# How to build a funcion that returns a piecewise function

I dont know how to go ahead with this The problem statement is "Make a piecewise linear function maker that accepts lists of points as input and has a piecewise linear function as the output".

Lets say for example I have a data sect {1,1,1,0,0,1,1}.

• show the output you expect – george2079 Feb 25 '14 at 3:19
• Even better, look at the documentation for Piecewise. – bill s Feb 25 '14 at 3:25

Let's say you have a list

data = {5, 1, 3, 8};


and you want to create a Piecewise function creator. First, you need to think about how to construct each of the linear functions. E.g. from x=1 to x=2 we need a linear function going from 5 down to 1. From x=2 to x=3 we need a function going from 1 up to 3 and so on. This is simple math, but you can also use Mathematica for this:

Rescale[x, {pos, pos + 1}, {y1, y2}] // FullSimplify
(* (1 + pos - x) y1 + (-pos + x) y2 *)


This is the expression which interpolates the x-range from pos to pos+1 where y1 is its starting value and y2 the value at the right end. For our piecewise-creator we need to fill this expression for all adjacent pairs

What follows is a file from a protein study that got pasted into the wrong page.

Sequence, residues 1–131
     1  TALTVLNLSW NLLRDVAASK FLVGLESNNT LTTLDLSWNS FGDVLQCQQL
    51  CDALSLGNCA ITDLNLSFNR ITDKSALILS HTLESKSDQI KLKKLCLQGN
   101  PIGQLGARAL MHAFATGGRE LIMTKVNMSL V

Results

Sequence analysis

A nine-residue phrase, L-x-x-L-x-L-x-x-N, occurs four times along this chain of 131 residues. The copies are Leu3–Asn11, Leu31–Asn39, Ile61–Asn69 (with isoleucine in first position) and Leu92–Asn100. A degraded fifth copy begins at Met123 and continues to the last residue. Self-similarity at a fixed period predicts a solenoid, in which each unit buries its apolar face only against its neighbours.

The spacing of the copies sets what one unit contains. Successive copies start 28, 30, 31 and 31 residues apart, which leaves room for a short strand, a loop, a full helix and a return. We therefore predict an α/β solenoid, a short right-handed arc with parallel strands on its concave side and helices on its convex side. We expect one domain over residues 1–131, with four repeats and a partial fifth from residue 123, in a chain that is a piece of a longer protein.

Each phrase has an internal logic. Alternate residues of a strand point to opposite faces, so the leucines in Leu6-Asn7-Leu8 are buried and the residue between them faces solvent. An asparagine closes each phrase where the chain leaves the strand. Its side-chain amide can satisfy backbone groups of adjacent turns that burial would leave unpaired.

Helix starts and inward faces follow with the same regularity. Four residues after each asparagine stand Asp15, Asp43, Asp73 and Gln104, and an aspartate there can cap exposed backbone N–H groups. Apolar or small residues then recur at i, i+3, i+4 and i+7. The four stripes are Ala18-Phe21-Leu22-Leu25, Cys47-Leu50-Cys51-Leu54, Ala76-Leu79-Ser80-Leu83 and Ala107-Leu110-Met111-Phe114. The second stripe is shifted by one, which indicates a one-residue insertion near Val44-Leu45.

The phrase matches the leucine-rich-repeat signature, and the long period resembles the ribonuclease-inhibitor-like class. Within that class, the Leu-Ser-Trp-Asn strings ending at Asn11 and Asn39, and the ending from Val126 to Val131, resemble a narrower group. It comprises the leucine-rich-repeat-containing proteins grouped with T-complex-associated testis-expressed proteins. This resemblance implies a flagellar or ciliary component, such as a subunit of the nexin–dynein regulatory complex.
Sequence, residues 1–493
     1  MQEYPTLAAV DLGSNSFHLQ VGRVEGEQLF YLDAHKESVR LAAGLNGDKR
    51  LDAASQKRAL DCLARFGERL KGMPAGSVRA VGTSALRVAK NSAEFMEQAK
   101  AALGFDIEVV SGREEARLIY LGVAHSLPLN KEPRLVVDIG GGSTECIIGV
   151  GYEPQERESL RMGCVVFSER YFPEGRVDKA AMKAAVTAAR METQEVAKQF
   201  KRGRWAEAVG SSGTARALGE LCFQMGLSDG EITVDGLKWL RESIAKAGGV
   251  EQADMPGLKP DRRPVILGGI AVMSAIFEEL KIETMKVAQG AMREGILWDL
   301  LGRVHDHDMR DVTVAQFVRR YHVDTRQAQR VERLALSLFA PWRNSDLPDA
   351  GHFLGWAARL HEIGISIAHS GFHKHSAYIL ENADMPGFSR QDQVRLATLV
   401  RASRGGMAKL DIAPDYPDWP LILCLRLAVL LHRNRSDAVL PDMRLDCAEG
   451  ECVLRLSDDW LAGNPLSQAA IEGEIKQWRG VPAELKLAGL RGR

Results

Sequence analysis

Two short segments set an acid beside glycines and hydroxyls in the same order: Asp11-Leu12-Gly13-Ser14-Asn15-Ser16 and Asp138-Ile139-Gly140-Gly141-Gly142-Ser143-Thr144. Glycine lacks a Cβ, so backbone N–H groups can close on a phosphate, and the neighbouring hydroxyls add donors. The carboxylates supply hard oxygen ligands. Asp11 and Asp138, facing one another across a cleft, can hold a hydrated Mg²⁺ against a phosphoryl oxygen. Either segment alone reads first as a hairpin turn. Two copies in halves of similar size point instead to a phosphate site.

{{5,1},{1,3},{3,8}}


The above structure can easily be created with the help of Partition. The only thing that's left is a function which takes two values and inserts them into our linear function expression. Putting everything together gives our piecewise-function-creator

createPiecewise[l_List] := Piecewise[MapIndexed[
With[{pos = First[#2], y1 = First[#], y2 = Last[#]},
{y1 (1 + pos - x) + y2 (x - pos), pos <= x < pos + 1}] &,
Partition[l, 2, 1]]
]


Testing it with our data and we get Now you can work with it or plot it

Plot[createPiecewise[data], {x, 1, 4}] If what you are looking for is a piecewise function that connects all the points, this can be done straightforwardly using the Interpolation function. For example:

data = {5, 1, 3, 8};
f := Interpolation[data, InterpolationOrder -> 1];
Plot[f[x], {x, 1, 4}] You can find the value of your function at any point, for example

{f[1.75], f, f[2.75]}
{2., 1, 2.5}


The following is just illustrative. It can be done much shorter and without using Solve[]:

f[l_List] := Module[{ls = Sort@l, p1, lefts, rightRules, m, b},
p1 = Partition[#, 2, 1] & /@ Transpose@ls;
rightRules = (First@Solve[{m #[[1, 1]] + b == #[[2, 1]], m #[[1, 2]] + b == #[[2, 2]]},
{m, b}] & /@ Transpose@p1);
lefts = Less @@ Riffle[#, x] & /@ p1[];
Piecewise[{m x + b /. #[], #[]} & /@ Transpose[{lefts, rightRules}]]
]

l = {{1, 10}, {2, 20}, {3, 15}, {4, 10}};
Plot[f[l] /. x -> u, {u, 0, 5}] In any case you should use FormalX instead of x for safety

I will make the same assumptions as other answers (of interpolation of order 1, and unit steps):

fun[u_, x_, edg___] :=
Piecewise[
Join[edg,
MapThread[{#1 (x - First@#2) + First@#3,
Function[{a, b}, a <= x < b] @@ #2} &, {Differences@u,
Partition[Range[Length@u], 2, 1], Partition[u, 2, 1]}]]]


Examples:

list = {5, 1, 3, 8};


then

• fun[list,x] yields • visualzing Plot[fun[list, x], {x, 0, 5}] • boundaries: Plot[fun[list, u, {{u^2 + 4, u < 1}, {2 u, u >= 4}}], {u, 0, 5}]